Syracuse, N.Y. -- Lab rats find Oreos just as addictive as cocaine and they like to eat the middle of the cookies first, according to a study.
Connecticut College professor Joseph Schroeder and his students found the high-fat, high-sugar cookies stimulate the rats' brains the same way drugs do. "It may explain why some people can't resist these foods despite the fact that they know they are bad for them," Schroeder said in a news release.
The study found rats formed an equally strong association between the pleasurable effects of eating Oreos and a specific environment as they did between cocaine or morphine and a specific environment. They also found that eating cookies activated more neurons in the brain's "pleasure center" than exposure to drugs of abuse.
On one side of a maze, the researchers gave hungry rats Oreos and on the other, they gave them rice cakes.The researchers gave the rats the option of spending time on either side of the maze and measured how long they would spend on the side where they were typically fed Oreos. The rats given Oreos broke the cookies open and ate the middle first.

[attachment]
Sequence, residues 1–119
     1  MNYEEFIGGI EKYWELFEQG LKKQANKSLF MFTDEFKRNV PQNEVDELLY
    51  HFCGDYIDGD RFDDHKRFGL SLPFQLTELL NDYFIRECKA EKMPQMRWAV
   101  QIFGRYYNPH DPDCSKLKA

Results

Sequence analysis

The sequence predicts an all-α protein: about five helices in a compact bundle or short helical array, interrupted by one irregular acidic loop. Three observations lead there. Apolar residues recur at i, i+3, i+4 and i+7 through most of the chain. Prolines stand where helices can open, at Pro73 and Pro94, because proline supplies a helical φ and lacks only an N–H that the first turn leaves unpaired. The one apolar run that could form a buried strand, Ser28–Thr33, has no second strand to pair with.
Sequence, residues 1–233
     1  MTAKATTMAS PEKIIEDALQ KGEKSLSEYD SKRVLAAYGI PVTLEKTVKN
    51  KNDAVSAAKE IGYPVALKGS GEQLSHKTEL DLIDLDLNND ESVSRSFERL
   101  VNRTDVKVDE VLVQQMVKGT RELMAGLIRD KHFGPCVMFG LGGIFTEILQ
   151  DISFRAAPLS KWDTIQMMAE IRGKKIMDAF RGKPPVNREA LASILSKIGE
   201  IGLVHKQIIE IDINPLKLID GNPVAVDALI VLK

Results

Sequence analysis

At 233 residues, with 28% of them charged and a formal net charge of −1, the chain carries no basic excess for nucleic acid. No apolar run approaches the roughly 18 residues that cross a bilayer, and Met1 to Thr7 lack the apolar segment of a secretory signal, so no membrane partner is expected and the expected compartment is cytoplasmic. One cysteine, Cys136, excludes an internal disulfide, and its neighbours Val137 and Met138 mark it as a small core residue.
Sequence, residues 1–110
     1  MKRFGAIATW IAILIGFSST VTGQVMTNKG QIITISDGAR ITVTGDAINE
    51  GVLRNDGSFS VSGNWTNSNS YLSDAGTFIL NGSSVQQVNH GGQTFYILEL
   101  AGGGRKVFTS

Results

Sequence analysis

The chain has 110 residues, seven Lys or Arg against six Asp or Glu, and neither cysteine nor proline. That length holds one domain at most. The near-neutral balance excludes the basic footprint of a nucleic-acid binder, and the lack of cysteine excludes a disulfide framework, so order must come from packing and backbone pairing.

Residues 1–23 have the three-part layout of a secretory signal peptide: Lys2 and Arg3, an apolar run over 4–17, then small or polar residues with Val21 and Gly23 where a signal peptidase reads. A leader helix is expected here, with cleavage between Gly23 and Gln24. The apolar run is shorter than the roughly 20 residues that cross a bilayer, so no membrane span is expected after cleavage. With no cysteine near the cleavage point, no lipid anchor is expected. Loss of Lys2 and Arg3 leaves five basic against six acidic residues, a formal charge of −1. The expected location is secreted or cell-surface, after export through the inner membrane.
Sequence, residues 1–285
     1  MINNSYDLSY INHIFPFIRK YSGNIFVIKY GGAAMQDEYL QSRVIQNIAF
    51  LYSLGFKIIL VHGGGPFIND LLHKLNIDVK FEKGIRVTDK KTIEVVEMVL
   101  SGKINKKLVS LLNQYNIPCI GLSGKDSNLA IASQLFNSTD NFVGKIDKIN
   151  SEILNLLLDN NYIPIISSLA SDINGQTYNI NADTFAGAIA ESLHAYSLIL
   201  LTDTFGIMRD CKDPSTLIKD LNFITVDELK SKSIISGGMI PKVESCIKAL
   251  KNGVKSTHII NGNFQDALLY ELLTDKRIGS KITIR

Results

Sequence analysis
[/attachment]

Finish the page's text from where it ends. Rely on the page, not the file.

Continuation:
The results of the Oreo and rice cake test were compared with results from rats that were given an injection of cocaine or morphine on one side of the maze and a shot of saline on the other. The rats conditioned with Oreos spent as much time on the "drug" side of the maze as the rats conditioned with cocaine or morphine.
"Even though we associate significant health hazards in taking drugs like cocaine and morphine, high-fat high-sugar foods may present even more of a danger because of their accessibility and affordability," said student Jamie Honohan, a neuroscience major.
You can contact health writer James T. Mulder at firstname.lastname@example.org or (315) 470-2245. Follow him on Twitter @JamesTMulder.